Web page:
A number theory question related to the Feit-Thompson theorem

In the book by Gelbaum and Olmsted on counterexamples in mathematics, they quote the following as being an open question as of 1990.

The problem comes from a long series of papers by Feit and Thompson on the solvability of groups of odd order (I couldn’t find where exactly, but for example their lemma 34.2 of chapter 5 certainly looks related). Not that I know anything about it all of course. The question as stated by Gelbaum and Olmsted is:

    given two different primes p and q, are the integers N_p(q):=\sum_{k=0}^{q-1}p^k=\frac{p^q-1}{p-1} and N_q(p):=\sum_{i=0}^{p-1}q^i relatively prime ?

and they comment that solving it in the affirmative would make the Feit-Thompson proof “considerably shorter”.

This looks a very natural question to answer even without the group theory background. Since nothing so obvious shows up here I tried to do some reverse engineering, namely to find if the integers u,v\in\mathbb{Z} satisfying uN_p(q)+vN_q(p)=1 have some recognizable pattern (and without loss of generality assumed p smaller than q).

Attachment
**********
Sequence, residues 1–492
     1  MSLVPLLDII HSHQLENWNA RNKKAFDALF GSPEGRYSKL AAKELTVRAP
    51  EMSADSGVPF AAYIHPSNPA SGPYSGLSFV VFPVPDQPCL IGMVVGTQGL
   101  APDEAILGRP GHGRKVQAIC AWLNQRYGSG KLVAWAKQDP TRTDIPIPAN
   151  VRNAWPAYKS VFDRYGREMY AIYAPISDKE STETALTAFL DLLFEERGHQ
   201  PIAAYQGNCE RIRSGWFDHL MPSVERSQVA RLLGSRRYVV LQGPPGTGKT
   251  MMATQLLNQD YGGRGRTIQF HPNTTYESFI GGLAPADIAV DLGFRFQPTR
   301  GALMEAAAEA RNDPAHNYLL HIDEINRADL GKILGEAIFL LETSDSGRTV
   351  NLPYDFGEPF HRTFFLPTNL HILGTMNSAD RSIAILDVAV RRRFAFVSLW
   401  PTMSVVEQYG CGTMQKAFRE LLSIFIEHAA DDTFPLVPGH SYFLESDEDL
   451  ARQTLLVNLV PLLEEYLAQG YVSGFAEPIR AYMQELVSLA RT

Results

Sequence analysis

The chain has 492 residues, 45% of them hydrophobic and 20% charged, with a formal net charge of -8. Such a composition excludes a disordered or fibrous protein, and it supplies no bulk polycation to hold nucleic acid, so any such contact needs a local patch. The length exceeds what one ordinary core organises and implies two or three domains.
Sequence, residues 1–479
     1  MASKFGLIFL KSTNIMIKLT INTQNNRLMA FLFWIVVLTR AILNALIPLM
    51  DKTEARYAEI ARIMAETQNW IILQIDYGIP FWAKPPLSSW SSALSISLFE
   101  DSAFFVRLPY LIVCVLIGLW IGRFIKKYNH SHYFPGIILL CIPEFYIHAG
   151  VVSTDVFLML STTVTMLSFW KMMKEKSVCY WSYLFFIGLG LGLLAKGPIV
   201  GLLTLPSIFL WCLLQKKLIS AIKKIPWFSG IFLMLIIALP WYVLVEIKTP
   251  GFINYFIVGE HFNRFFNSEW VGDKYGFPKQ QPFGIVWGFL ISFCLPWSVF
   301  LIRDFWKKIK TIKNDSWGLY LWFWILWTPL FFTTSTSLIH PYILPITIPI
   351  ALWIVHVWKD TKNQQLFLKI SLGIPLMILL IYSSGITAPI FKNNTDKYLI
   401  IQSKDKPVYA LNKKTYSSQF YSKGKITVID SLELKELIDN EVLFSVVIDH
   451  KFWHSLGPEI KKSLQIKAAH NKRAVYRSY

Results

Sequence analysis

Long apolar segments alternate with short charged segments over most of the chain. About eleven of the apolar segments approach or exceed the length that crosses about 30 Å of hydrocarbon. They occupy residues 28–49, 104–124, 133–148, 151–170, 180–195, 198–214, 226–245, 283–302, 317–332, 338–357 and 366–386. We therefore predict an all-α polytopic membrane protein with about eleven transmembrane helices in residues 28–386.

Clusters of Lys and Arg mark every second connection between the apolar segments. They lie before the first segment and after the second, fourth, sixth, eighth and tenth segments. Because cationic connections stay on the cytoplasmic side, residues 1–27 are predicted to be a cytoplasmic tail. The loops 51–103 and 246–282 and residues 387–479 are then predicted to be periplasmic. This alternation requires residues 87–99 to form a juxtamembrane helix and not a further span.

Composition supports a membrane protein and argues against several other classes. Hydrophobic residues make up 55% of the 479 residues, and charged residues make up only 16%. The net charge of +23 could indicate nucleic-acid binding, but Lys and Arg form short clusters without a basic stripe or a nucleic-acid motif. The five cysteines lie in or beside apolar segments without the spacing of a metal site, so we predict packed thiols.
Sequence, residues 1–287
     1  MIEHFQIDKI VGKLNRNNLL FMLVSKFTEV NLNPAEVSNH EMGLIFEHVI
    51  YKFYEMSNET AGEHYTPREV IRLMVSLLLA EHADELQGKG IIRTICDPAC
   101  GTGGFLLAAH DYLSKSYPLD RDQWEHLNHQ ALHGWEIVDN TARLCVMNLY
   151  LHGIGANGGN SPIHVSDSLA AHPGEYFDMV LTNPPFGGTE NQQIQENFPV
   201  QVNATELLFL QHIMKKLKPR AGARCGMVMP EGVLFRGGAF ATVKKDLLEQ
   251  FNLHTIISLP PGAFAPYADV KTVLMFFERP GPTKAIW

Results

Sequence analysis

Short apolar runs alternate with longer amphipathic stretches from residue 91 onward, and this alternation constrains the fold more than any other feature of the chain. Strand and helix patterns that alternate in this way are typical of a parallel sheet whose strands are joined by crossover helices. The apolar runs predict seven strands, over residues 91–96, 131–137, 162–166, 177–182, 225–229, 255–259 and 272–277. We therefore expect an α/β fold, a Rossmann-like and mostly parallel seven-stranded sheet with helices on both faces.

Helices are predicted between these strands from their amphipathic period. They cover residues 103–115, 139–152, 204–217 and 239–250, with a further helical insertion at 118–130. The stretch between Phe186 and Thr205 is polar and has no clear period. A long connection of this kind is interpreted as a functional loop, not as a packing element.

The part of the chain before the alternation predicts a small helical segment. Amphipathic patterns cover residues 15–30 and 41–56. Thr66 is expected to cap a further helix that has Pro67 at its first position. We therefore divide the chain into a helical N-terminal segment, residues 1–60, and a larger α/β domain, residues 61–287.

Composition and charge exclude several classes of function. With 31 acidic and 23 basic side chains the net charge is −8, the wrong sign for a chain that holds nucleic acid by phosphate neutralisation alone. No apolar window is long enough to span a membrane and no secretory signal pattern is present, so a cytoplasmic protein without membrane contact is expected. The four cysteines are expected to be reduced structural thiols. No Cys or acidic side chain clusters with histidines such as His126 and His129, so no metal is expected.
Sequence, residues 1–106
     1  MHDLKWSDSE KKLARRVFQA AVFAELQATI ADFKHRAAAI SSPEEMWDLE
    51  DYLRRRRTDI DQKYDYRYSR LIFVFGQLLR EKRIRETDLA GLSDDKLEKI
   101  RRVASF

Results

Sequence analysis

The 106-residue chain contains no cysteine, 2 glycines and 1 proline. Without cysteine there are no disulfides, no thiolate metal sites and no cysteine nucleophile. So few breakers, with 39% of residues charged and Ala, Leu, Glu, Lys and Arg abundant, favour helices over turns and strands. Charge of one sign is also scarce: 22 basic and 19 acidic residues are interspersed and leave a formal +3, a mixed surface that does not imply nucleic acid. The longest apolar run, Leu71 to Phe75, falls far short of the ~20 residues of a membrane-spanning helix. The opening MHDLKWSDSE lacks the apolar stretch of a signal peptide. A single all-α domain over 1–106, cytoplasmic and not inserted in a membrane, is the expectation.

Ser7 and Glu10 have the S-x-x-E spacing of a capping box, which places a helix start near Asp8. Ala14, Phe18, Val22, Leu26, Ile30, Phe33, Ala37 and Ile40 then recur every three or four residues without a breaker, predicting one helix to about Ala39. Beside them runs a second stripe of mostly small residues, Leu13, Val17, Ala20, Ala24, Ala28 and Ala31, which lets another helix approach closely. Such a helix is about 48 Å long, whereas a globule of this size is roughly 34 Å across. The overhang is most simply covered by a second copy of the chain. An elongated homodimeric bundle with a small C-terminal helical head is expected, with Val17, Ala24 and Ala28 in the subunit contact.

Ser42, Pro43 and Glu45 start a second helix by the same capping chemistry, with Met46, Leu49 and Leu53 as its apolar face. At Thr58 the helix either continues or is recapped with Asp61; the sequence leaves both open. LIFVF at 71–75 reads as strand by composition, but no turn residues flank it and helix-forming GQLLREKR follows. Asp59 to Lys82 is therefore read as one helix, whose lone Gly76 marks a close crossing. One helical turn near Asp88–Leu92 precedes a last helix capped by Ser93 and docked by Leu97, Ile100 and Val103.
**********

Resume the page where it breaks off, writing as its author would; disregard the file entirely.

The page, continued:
For p=2 we obtain for q=3,5,7,11,13 respectively the couples (u,v)=(-1,2), (1,-5), (-1,16), (-5,853), (1,-585),

The numbers N_2(q) form the sequence 3, 7, 31, 127, 2047, 8191,… of Mersenne numbers, but it’s just a name, and the OEIS unfortunately didn’t help saying anything about the sequence 2, -5, 16, 853, -585…

So, no progress at all on this Feit-Thompson question.

: Apparently N_p(q) is called a quantum integer (or q-bracket) and pops up in many areas, see this paper by Nathanson and this book by Kac and Cheung.


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